SF man charged in bomb case allegedly bought lethal substances online 

click to enlarge A bomb squad technician removes items from Ryan Chamberlain II’s vehicle in the Crissy Field parking lot after Chamberlain’s arrest. - MIKE KOOZMIN/THE S.F. EXAMINER
  • A bomb squad technician removes items from Ryan Chamberlain II’s vehicle in the Crissy Field parking lot after Chamberlain’s arrest.

A San Francisco man arrested Monday night and charged with possessing bomb-making materials was using anonymous Internet sites last year to purchase illegal, and potentially fatal, toxins, according to an FBI search warrant unsealed today.

Ryan Kelly Chamberlain II has been charged with having bomb-making materials, although there is no mention in the search warrant of any such materials.

A joint federal investigation into an anonymous Internet marketplace led to Chamberlain when a witness brought a vial of white powder to the New York City police in February. That person said they had purchased cyanide and abrin -- both lethal toxic substances -- online in order to commit suicide, according to the warrant.

That led authorities to an individual in California who had sent those toxins to New York City. That same individual had sent a package to Chamberlain dated Dec. 5, 2013.

The seller, who was arrested on suspicion of firearms and explosives offenses in Sacramento on May 5, said he had sent Chamberlain a package and communicated with him online.

In those messages, Chamberlain said he had tried to buy ricin, a lethal toxin, but it was too expensive.

The FBI has said reports that ricin was found in his apartment were false.

Chamberlain also asked about abrin, another toxin. Specifically, he asked about dosing size and whether an autopsy could show that it had been used to kill a person.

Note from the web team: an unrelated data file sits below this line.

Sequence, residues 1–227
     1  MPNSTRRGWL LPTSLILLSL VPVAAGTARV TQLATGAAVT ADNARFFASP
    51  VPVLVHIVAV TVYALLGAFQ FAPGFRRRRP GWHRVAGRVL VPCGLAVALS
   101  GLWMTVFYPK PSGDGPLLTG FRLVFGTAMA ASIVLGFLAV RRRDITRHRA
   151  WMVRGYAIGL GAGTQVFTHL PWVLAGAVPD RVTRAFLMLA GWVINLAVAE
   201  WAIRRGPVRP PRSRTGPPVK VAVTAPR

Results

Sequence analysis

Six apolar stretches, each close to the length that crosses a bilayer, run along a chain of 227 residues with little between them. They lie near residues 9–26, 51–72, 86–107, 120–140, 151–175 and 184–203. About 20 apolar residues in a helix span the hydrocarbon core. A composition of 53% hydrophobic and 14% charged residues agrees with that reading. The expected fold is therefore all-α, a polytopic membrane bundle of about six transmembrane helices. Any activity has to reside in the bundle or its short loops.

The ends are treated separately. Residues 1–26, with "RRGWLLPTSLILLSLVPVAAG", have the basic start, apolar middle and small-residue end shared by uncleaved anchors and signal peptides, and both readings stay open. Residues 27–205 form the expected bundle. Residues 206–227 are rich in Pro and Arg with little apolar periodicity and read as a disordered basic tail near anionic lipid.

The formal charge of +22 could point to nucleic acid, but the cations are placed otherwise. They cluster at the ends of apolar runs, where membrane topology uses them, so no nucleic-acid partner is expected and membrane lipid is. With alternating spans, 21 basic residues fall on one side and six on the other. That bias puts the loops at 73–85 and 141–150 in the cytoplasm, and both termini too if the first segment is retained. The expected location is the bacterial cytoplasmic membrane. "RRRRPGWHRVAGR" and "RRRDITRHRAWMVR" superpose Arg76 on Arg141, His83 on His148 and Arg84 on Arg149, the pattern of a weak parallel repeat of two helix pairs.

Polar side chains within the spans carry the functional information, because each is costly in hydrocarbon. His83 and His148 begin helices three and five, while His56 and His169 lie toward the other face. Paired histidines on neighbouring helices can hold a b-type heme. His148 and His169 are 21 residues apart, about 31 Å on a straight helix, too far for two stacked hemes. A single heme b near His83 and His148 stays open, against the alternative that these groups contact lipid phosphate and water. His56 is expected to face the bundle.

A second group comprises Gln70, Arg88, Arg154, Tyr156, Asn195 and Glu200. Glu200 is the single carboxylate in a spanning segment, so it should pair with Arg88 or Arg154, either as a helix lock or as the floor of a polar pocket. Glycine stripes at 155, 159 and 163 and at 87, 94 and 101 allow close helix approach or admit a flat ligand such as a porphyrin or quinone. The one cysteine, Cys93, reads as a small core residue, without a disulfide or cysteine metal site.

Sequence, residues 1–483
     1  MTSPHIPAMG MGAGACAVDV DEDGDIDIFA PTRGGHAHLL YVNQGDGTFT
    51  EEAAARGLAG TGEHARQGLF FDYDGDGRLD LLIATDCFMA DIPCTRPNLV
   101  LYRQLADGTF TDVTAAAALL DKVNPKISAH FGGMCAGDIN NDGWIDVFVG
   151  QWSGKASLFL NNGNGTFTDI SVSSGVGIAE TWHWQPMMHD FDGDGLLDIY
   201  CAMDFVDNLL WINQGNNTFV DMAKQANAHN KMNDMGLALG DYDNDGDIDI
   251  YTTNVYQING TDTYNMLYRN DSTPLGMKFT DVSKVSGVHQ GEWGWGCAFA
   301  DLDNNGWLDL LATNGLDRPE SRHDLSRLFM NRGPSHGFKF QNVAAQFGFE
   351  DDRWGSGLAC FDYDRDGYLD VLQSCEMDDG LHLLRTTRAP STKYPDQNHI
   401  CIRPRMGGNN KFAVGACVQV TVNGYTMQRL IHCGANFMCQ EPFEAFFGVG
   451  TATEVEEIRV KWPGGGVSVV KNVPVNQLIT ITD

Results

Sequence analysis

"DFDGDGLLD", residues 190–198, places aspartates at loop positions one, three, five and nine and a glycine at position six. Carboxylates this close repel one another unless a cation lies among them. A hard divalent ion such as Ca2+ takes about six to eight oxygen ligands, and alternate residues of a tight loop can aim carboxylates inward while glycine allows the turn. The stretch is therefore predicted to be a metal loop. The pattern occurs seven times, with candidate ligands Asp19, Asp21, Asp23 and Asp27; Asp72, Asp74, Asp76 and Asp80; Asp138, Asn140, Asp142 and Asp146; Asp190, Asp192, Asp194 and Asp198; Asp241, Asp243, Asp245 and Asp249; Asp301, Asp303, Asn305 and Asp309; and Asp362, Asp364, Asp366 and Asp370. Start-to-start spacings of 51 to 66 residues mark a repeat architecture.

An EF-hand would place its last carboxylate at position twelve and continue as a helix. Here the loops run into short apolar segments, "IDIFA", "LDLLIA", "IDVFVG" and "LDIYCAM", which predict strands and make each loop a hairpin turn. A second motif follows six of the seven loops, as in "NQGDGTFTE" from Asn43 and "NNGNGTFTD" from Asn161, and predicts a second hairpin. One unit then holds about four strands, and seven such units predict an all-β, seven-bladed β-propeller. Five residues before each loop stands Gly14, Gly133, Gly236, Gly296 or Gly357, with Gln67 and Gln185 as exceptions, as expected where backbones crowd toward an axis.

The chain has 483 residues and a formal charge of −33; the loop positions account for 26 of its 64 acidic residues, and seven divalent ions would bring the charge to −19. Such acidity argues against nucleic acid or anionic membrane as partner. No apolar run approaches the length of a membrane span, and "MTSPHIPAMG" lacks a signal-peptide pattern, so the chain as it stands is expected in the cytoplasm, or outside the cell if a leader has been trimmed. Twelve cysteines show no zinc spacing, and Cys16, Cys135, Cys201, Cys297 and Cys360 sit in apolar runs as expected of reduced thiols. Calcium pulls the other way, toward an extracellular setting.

"The initial purchase of abrin would be a trial run, and if it was successful, [Chamberlain] would use the abrin on a larger scale," noted the warrant.

A vial was sent to Chamberlain from that same person, but it only contained ground rosary peas, which must further be processed to make abrin, according to the warrant.

Sometime after the December shipment, Chamberlain contacted the Sacramento seller and complained that the abrin didn't work.

Chamberlain contacted a third individual in Florida through the Internet to buy pure nicotine, another lethal toxin. Federal authorities learned of these details when they arrested that individual Jan. 18. The individual said a vial containing 140 to 200 milligrams of liquid nicotine was sent to Chamberlain in June 2013.

The warrant also mentions that Chamberlain was arrested on felony charges on two separate occasions, in 2003 and 2009. Both cases were dismissed. In 2003, he was arrested on suspicion of assault with a deadly weapon or force likely to produce great bodily injury and child cruelty. And in 2009, he was arrested on charges of battery and injury of a child.

Correction: This story was updated June 11 to correct the spelling of abrin.

About The Author

Jonah Owen Lamb

Jonah Owen Lamb

Born and raised on a houseboat in Sausalito, Lamb has written for newspapers in New York City, Utah and the San Joaquin Valley. He was most recently an editor at the San Luis Obispo Tribune for nearly three years. He has written for The S.F. Examiner since 2013 and covers criminal justice and planning.
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